Collaboration in Civic Spheres

Citizen Panel: Sound Transit Needs To Tighten It Up

by Matt Rosenberg March 1st, 2013

In its year-end 2012 Performance Report, presented Thursday at the monthly Sound Transit board meeting in Seattle, ST’s Citizen Oversight Panel took the regional transit agency to task for poor operating cost controls and questionable resource allocation choices, while revenues are 30 percent lower than expected. The COP says in its report that with the Great Recession having smacked down projected ST 2 revenues by nearly a third, Sound Transit needs to clamp down on growth in day-to-day costs such as a planned 9 percent bump in transit operations spending in 2013, and what has been an ongoing five percent average growth rate for agency operating costs. That includes overhead and a particular sore point, security.

The panel also lamented that “years of delays” on completing the Mukilteo Station South Platform Project on the Sounder North commuter rail line drove related costs from an estimated $9.4 million in 2008 to the current estimate of $18.3 million. Completion is expected in 2015. “Schedule slippage” also drove projected costs from $19.3 million in 2005 to $35 million now for the planned Tukwila Station on ST’s Central Link light rail line, the COP report says.

COP also called out Sound Transit for resource misallocation. Reiterating a point from a critical special report it issued last fall, COP says that while passengers are being left behind or forced to stand on runs of overstuffed and too-infrequent express buses in the I-5 Everett-to-Seattle corridor, ST continues to sink too much money into the underperforming Sounder North commuter rail line serving the same general area. Sound Transit has said it is bound under the last ballot measure to maintain Sounder North service at current levels and that large sunken costs to get usage rights on the tracks also dictate maintaining the service. COP wants performance benchmarks set and a timeline for cutting at least one of the four weekday trains if those aren;t met. This, it says, would free up cash for 10 or more express bus trips daily up and back on I-5.

The express bus overcrowding between Everett and Seattle underscores broader concerns about Sound Transit system capacity, the COP says in its performance report. “…on the north and east corridors…light rail will not be able to add meaningful capacity until a decade from today. It is becoming apparent that the resources available may be insufficient to meet ridership demand on these and possibly other key corridors until the new Link (light rail) extensions come on line.”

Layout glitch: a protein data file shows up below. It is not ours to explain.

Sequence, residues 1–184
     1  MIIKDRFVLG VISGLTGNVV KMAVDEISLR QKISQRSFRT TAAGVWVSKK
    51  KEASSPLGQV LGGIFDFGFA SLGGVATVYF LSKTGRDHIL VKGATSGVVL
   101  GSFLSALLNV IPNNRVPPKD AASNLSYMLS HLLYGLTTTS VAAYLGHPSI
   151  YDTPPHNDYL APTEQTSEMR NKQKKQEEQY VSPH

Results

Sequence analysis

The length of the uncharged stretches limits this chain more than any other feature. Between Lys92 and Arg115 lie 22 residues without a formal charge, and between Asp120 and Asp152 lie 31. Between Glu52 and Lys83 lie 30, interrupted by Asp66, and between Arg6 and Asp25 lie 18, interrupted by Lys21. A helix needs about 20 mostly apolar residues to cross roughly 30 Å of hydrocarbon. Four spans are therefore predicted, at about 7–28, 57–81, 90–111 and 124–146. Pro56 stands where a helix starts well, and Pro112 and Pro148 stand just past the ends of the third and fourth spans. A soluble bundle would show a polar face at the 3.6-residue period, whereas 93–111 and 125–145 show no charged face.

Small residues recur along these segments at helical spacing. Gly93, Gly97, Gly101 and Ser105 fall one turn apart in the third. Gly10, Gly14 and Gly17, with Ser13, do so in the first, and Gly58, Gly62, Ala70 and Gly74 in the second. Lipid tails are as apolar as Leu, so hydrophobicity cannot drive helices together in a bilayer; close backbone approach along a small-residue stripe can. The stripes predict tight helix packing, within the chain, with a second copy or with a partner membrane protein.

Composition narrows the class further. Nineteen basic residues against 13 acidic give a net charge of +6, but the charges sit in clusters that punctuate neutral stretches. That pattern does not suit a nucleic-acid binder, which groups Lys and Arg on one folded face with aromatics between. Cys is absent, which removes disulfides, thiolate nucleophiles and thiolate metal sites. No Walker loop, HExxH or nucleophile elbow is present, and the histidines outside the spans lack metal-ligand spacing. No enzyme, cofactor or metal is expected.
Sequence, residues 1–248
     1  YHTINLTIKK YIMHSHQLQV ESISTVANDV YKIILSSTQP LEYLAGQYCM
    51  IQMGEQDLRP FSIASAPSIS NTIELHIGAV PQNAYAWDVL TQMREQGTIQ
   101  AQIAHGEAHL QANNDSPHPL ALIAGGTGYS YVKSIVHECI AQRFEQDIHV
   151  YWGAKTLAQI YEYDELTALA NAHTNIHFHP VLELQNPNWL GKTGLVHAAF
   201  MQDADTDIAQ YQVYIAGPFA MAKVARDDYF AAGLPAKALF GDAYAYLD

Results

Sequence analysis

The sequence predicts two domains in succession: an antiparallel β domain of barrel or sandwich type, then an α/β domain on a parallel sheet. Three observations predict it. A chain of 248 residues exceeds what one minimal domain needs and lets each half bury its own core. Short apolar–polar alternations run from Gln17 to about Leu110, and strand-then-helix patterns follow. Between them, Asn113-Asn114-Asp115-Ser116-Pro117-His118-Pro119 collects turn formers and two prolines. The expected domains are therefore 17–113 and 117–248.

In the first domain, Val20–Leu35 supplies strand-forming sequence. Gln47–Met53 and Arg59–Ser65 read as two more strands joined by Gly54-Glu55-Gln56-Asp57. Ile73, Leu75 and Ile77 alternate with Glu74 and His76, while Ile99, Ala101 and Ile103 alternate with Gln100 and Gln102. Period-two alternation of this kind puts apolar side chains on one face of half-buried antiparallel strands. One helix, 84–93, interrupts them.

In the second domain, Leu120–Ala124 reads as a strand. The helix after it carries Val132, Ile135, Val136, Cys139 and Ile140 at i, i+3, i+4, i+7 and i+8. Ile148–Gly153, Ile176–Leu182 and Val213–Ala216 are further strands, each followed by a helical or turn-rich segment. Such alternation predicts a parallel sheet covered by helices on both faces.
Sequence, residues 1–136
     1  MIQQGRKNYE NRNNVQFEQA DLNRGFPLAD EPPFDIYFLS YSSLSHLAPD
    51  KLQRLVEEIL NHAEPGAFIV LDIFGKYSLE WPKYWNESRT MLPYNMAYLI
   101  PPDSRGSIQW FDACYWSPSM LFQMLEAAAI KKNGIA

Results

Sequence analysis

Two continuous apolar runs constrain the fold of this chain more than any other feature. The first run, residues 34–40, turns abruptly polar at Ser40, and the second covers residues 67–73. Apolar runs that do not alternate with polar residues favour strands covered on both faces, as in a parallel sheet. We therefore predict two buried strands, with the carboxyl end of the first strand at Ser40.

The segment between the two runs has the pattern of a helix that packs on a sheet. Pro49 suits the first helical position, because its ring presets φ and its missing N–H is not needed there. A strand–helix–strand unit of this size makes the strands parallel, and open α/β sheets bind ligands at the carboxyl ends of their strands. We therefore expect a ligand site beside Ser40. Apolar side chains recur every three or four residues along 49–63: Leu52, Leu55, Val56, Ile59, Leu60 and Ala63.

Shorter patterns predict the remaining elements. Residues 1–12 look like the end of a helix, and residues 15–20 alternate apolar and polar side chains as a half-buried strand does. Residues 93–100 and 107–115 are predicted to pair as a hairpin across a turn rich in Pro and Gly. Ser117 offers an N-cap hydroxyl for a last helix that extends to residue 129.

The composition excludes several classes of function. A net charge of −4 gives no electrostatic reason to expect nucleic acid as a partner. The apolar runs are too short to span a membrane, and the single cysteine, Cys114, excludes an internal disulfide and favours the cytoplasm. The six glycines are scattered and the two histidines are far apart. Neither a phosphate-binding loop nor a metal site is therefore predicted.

The regional transit agency’s system covering King, Snohomish and Pierce counties includes a starter light rail line from downtown Seattle to Sea-Tac Airport, plus a slew of express buses, commuter rail between downtown and points north and south, and stand-alone local light rail in Tacoma. Voters created Sound Transit in 1996 with approval of the $3.9 billion “Sound Move” ballot proposition and stepped up again with approval of a $17.9 billion “Sound Transit 2″ funding package in 2008.

Other transit agencies are feeling the pain too, the COP report notes, including King County Metro, Snohomish County’s Community Transit and Pierce Transit. One near-term salve for ST could be to temporarily divert some capital project funds toward operations as Metro has, says COP, but ST won’t do that.

The oversight panel does parcel out some praise for Sound Transit in the report too, for keeping to current capital project schedules and budgets; for its array of internal and external oversight checks; and for keeping close track of revenue slippage.

At the meeting yesterday board members also discussed the nascent planning process for an “ST 3″ ballot measure to raise more money for the system. A staff memo says the vote could come as soon as 2016. Hinting at some of what might be in the ask, the memo says the agency plans to start or continue so-called “high capacity transit” studies for services to connect Seattle’s Ballard neighborhood with downtown; for Lynnwood to Everett; and ST’s south, central and east corridors.

In a recent e-mail interview ST spokesman Geoff Patrick explained, “…the national recession has dramatically affected Sound Transit, with a current forecast of 40 percent less revenues in our South King County subarea through 2023 that were assumed in the ballot measure. Across the region we have had to realign ST2 plans with current revenue forecasts. In South King County, which has been the hardest hit area, the result is that there is currently not capacity to construct light rail south of Kent/Des Moines.” To get to 320th Street in Federal Way ST “would need additional revenue sources (none are known so far) to build south of Kent/Des Moines, and voter approval to build south of South 272nd. Our target is to complete construction of the Kent-Des Moines extension by 2023.”

In an earlier interview last fall, Patrick said that 2023 target date for completion of light rail to Redmond, Lynnwood and Kent Des Moines may or may not be met due to sales tax shortfalls caused by the national economic slide and that if not, options include scaling down projects or pushing back timelines, borrowing, or getting voter approval of more taxes and fees.

The Puget Sound Regional Council reported in its 2010 report titled “Transportation 2040″ that the percent of all trips in the region utilizing transit will grow from 2.9 percent in 2006 to no more than 5.3 percent by 2040. That study is to be updated in coming months.


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